In the meantime, I’m doing the only thing I can do, which is to try to make comics.  I am so thankful that, after nearly a decade of “thinkin’ about it,” now I’m doing something.  But I recognize that this merely the first step of many, many steps to be taken.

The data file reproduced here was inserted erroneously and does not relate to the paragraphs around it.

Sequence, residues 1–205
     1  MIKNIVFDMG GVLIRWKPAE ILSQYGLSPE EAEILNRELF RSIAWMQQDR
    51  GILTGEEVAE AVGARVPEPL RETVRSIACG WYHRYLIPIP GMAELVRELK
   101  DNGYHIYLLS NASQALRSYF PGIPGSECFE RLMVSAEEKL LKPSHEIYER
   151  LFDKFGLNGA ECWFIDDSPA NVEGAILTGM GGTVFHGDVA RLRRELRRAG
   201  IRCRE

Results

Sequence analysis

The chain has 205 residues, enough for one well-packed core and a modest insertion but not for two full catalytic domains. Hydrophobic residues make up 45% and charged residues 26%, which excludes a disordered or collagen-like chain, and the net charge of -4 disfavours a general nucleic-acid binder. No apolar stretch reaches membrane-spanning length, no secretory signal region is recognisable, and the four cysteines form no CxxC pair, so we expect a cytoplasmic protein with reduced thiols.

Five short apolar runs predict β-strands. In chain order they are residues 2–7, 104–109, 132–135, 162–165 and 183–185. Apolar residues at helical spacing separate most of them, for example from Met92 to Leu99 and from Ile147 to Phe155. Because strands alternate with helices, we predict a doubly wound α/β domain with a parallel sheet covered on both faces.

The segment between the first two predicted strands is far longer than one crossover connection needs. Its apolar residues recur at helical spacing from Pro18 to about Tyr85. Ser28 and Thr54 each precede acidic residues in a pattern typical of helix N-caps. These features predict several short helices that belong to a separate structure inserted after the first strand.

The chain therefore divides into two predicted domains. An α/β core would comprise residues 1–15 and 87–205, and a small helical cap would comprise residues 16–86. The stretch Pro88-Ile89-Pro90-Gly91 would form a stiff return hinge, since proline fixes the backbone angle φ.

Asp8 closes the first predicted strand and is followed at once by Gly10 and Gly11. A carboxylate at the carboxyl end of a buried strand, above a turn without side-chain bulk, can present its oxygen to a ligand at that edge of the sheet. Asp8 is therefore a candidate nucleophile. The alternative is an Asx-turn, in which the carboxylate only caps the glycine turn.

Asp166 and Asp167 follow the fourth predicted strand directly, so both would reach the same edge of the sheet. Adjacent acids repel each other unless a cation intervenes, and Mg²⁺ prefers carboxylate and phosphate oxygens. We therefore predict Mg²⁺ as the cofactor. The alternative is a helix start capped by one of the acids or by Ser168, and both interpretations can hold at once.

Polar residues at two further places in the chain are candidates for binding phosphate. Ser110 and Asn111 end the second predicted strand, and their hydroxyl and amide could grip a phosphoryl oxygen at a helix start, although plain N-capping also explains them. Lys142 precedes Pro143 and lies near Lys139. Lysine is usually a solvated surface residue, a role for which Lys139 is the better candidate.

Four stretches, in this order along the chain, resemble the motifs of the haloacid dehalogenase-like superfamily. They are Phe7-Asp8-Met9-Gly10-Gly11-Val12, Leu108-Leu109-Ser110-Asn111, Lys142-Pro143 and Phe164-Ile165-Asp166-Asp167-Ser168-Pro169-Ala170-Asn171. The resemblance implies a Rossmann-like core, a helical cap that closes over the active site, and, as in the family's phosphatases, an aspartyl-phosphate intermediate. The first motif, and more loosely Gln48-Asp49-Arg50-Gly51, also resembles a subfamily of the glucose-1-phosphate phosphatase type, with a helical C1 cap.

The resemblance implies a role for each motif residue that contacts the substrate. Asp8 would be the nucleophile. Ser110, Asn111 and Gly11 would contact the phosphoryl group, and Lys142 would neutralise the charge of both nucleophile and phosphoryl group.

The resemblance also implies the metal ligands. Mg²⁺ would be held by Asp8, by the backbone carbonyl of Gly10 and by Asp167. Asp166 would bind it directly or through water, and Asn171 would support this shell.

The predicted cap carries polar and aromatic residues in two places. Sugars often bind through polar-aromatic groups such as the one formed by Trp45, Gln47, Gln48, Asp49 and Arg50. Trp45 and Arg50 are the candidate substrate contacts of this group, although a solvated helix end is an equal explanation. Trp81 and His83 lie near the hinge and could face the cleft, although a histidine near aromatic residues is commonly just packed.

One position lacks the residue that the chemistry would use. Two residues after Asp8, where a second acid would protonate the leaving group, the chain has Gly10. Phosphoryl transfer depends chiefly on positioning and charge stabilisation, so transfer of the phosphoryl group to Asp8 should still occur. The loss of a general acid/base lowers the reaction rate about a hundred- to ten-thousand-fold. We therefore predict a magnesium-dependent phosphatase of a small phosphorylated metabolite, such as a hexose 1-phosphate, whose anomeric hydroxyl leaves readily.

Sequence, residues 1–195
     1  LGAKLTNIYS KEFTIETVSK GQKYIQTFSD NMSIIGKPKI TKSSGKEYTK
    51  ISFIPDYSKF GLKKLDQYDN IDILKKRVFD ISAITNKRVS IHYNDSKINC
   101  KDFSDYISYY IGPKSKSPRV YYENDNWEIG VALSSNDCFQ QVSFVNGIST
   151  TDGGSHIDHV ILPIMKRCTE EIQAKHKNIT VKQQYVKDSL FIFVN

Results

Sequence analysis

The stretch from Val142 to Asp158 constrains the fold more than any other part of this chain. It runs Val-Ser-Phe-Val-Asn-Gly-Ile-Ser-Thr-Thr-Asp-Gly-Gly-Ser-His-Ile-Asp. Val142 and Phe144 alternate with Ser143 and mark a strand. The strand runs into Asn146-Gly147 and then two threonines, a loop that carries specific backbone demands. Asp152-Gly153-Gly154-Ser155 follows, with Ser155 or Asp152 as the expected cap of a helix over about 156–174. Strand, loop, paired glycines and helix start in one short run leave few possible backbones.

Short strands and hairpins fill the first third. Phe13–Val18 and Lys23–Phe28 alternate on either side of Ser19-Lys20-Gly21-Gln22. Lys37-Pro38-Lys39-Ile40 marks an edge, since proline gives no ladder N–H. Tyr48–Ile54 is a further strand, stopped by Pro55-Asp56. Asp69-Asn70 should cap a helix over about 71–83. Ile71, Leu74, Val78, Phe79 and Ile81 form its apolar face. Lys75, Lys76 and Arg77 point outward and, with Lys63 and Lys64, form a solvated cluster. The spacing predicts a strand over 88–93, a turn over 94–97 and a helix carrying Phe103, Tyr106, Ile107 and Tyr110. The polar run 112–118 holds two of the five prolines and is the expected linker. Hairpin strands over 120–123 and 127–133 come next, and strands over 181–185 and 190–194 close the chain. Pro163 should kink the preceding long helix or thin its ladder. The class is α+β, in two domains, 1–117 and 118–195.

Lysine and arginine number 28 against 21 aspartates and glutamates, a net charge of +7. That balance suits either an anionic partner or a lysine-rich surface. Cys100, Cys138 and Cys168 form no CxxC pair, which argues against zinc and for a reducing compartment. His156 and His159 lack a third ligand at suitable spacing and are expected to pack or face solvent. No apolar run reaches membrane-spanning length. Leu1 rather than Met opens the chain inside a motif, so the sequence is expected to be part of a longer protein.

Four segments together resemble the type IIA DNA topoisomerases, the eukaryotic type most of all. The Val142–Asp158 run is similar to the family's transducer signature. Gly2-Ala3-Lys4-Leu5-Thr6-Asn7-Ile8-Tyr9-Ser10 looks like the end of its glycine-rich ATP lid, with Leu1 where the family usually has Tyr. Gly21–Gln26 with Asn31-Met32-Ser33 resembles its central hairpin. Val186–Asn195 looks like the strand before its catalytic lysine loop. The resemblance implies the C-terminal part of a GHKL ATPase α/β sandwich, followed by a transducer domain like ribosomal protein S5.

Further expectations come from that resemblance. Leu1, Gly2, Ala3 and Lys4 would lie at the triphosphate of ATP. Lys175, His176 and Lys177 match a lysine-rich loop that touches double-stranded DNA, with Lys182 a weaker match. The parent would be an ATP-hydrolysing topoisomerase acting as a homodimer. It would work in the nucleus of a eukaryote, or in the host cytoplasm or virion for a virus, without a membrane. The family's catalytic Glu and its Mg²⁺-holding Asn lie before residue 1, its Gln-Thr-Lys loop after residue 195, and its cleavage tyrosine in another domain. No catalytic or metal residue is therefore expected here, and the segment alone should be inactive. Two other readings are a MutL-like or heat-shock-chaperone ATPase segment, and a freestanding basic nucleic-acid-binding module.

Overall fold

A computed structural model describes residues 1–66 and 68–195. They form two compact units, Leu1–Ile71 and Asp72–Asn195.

There is another side to all this of course.  How does my wanting to be a professional comic book creator affect my criticism?  It would certainly be true that I don’t want to make enemies of anyone in the industry, but then, I never did.  At the same time, I feel like I have an implicit contract with our audience to be honest about the comics we’re reading.  Luckily, long ago it became the unofficial purview of iFanboy to focus most of our energy on comics we like.  And even my negative reviews have changed to the effect that I can (usually) find something worthwhile about comics I didn’t like that much.  I can easily imagine being the creator on the other side of a computer screen seeing, “This comic book is a turd,” and I’d hate to make anyone feel that way.  And while there are comics that are just bad, most of the time, comics I don’t like are just not for me, and that really is the truth.  That doesn’t mean I don’t want to analyze the things that don’t work for me when reading comics, but it does mean that I try to operate with a lot less vitriol and spite than some people want from their reviewers.  But I promise that, as long as I’m doing this, I will never, and have never, told you I liked a comic book that I didn’t.  Further, rest assured that, and this is the best part of my job, when I read something I love, you will hear about it with all the enthusiasm I can express.  The upside to my comic education is that I want others to appreciate the finer things in comics the way I do, and there is so much to enjoy it’s an embarrassment of riches.  I know it because of the emails I get every week from listeners and viewers cursing the cost of the buying the books we recommend.